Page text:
Lectio Divina: IVth Sunday of Easter. Cycle A

on 01 May, 2020
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 Rome (Italy), Miss Yolanda Valero, May 3, 2020.- “I came so that they might have life and have it more abundantly” (Jn 10:10).

Lectio Divina 05/03/2020 eng Download



John 10: 1-10

Amen, amen, I say to you, whoever does not enter a sheepfold through the gate but climbs over elsewhere is a thief and a robber. But whoever enters through the gate is the shepherd of the sheep. The gatekeeper opens it for him, and the sheep hear his voice, as he calls his own sheep by name and leads them out. When he has driven out all his own, he walks ahead of them, and the sheep follow him, because they recognize his voice. But they will not follow a stranger; they will run away from him, because they do not recognize the voice of strangers.” Although Jesus used this figure of speech, they did not realize what he was trying to tell them.

So, Jesus said again, “Amen, amen, I say to you, I am the gate for the sheep. All who came [before me] are thieves and robbers, but the sheep did not listen to them. I am the gate. Whoever enters through me will be saved, and will come in and go out and find pasture. A thief comes only to steal and slaughter and destroy; I came so that they might have life and have it more abundantly. 



“The sheep hear his voice 

The text uses images like shepherds, sheep, sheepfold, gate. This language was familiar to his hearers and they understood it well, because, for centuries, the shepherds were having a common occupation in Israel. Jesus has often used it in his talks (Mt 10:5-6) and parables (Mt 25:31-33).

The image of the “Gate” and the “Shepherd” come up directly from the preceding incident. (cf. John 9). The Pharisees of the synagogues of Jerusalem turned out to be bad shepherds because they thought only about maintaining their subjective authority, without neither feeling compassion for the man born blind, nor feeling any joy in the restoration of his sight. On the contrary, the Lord was sincerely concerned for the life of that poor blind man, who finally followed him outside the sheepfold of Judaism, after which the Jews expelled him (John 9: 34).  “I am the gate” is the third of the seven “I am” declarations of Jesus mentioned only in the Gospel of John. These “I am” declarations point out His identity and unique divine end. Soon after declaring that He is “the Gate” in John 10: 7, Jesus declared: “I am the Good Shepherd” (John 10: 11). He describes Himself not only as “the Shepherd”, but also as “the Good Shepherd.”

Of all the figures that are applied to God in the Old Testament, that of the Shepherd is one of the most important. Others can illustrate better his majesty and glory, but none like this one expresses the divine tenderness and concern for his people. In this text Jesus identifies Himself as the one to whom the sheep belongs, “the Good Shepherd” whom they listen to and obey, the one who guides them to good pastures and protects them from enemies, giving up his very life for them. Without doubt, it is a very expressive term which speaks to us of property, care, protection, intimate knowledge and unlimited sacrificial love.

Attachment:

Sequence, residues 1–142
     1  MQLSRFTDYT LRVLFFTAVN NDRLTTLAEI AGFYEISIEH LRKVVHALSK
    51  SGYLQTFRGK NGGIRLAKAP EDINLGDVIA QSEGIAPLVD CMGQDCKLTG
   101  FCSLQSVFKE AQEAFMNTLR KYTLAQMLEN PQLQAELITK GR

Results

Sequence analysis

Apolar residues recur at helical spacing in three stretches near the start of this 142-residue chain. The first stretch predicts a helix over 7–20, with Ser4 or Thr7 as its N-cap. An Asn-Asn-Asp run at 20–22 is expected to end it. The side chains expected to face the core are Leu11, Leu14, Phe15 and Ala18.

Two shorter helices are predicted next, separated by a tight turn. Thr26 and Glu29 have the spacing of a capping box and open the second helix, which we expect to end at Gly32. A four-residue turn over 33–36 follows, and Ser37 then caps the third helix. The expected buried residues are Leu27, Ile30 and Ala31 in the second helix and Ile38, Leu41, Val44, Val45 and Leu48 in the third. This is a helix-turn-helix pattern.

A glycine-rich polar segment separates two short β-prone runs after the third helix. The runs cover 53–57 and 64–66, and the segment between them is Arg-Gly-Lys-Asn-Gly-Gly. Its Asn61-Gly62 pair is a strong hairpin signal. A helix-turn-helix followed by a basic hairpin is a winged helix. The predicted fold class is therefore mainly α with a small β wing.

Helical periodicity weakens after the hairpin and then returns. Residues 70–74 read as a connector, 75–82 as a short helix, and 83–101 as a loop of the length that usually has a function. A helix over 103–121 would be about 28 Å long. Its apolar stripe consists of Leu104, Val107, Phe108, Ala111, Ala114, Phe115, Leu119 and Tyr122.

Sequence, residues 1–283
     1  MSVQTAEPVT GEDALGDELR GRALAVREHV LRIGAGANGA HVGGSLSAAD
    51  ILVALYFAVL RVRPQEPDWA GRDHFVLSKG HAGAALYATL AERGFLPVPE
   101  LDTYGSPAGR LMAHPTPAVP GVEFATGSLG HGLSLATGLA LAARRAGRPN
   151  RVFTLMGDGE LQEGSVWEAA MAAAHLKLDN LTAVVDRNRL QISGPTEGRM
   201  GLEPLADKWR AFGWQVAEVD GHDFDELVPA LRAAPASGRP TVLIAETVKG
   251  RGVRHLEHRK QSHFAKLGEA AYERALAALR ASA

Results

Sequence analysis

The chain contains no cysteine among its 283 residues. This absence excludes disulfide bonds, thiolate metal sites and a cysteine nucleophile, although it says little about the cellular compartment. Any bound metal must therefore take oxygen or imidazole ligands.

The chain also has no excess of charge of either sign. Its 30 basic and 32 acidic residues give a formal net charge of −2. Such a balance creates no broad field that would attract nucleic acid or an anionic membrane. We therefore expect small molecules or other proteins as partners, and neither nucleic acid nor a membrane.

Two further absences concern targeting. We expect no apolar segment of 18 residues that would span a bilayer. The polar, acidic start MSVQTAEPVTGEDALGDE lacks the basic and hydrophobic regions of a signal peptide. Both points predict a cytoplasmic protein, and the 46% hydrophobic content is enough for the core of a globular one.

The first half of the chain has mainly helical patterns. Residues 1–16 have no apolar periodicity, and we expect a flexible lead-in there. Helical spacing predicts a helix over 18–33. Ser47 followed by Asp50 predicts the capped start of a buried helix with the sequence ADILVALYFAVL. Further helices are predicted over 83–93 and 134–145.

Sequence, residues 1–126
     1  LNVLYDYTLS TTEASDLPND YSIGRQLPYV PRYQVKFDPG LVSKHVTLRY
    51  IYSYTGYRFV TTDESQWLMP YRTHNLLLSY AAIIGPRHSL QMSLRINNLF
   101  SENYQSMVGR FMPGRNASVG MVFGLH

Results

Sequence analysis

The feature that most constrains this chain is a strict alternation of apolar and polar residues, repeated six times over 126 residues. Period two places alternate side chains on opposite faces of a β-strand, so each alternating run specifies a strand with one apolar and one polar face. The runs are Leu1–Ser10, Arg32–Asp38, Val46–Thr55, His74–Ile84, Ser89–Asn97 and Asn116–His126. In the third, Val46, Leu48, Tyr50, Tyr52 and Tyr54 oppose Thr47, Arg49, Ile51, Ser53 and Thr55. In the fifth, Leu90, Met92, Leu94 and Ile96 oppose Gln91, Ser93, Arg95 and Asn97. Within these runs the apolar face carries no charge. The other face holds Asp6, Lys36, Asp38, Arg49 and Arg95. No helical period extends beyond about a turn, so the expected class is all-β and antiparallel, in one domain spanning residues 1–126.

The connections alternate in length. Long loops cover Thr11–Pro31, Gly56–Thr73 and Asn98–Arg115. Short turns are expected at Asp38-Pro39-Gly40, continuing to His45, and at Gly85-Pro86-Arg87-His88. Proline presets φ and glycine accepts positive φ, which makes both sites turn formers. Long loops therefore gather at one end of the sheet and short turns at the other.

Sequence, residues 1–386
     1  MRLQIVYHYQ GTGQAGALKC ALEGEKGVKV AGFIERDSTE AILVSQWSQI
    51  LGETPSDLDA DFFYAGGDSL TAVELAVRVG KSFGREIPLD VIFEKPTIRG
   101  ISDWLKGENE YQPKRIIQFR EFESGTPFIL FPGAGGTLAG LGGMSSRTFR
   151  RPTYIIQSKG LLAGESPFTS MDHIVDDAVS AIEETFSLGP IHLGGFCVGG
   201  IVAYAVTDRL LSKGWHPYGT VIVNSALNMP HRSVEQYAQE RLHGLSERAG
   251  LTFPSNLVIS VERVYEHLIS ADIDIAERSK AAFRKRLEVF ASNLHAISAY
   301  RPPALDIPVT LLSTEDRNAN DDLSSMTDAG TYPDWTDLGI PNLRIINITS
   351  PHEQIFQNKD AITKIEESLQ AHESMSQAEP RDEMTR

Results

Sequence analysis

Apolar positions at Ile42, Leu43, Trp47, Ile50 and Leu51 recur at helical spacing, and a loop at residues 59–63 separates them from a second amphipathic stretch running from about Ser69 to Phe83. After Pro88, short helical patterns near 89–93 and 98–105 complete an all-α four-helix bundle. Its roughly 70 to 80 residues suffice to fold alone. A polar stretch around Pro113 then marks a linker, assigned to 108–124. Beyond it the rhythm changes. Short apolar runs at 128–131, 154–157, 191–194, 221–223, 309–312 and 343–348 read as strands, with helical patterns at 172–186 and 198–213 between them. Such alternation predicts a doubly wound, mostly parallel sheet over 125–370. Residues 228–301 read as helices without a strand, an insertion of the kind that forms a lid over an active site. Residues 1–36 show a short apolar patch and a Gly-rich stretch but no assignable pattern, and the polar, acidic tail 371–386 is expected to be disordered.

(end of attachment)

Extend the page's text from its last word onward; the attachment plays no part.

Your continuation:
“I am the gate; whoever enters through me will be saved

The sheep knows the shepherd and follows him. Thus, Jesus using this image shows himself as the shepherd with authority to gather and guide his sheep to a new sheepfold. All those who listen to his voice, his message of liberation, because he is the shepherd of Israel, will find in Him light and life in abundance. His voice is not directed to anonymous persons, but to those whom He knows one by one; for Jesus each one has a face, name and dignity.  

  • What does it mean for you to be voice and guide in your Christian life?
  • Like Jesus, do you recognize in the other: his face, his name and his dignity?

Jesus reveals to us that he is the new Door, not only in relation to the old sheepfold of Israel, but also with respect to those who will follow him. His words are a clear invitation to change our way of thinking and relating to others. To enter through Jesus supposes to place the good of the other person as a priority task and to spend all energy to achieve it. The person who does not enter into this new way of reasoning is an oppressor. Certainly, these are hard and strong words that Jesus speaks to his contemporaries and to us today, who often continue to use power and violence to oppress the people. Jesus is the new door in relation to others, but what does it mean for us today to enter through the gate which is Jesus? This means to “go closer to him,” “ trust him,” follow him and let oneself be guided by his message; it entails, in short, participating in the gift of Jesus, His death and resurrection, so that human beings will attain real happiness: to have life and to have it abundantly.

Jesus is the shepherd who comes to your life as the gate through which to go out and enter:

  • Do you let him lead you, when you relate to others?
  • Are you also in your community and family a gate, which does not close you in but which remains open for fraternal communication and let love and trust pass through it?


“I came so that they might have life”

Lord Jesus, You are the one who guides our life, the one who seeks our good and for this, you invite us to enter by the door of faith, so that believing in You, we will find you not only in our prayer and sacramental life, but also in others, whom you have entrusted to us so that we may be light and guide in their concrete realities and thus, all will be able to open, enter and follow the path that you show us, because you are the path that leads us to life in abundance, Amen. 


During this week I will remember:

*  Jesus tells us:

“I am the gate; the one who enters through me, will be saved”.
“I have come so that you may have life in abundance.”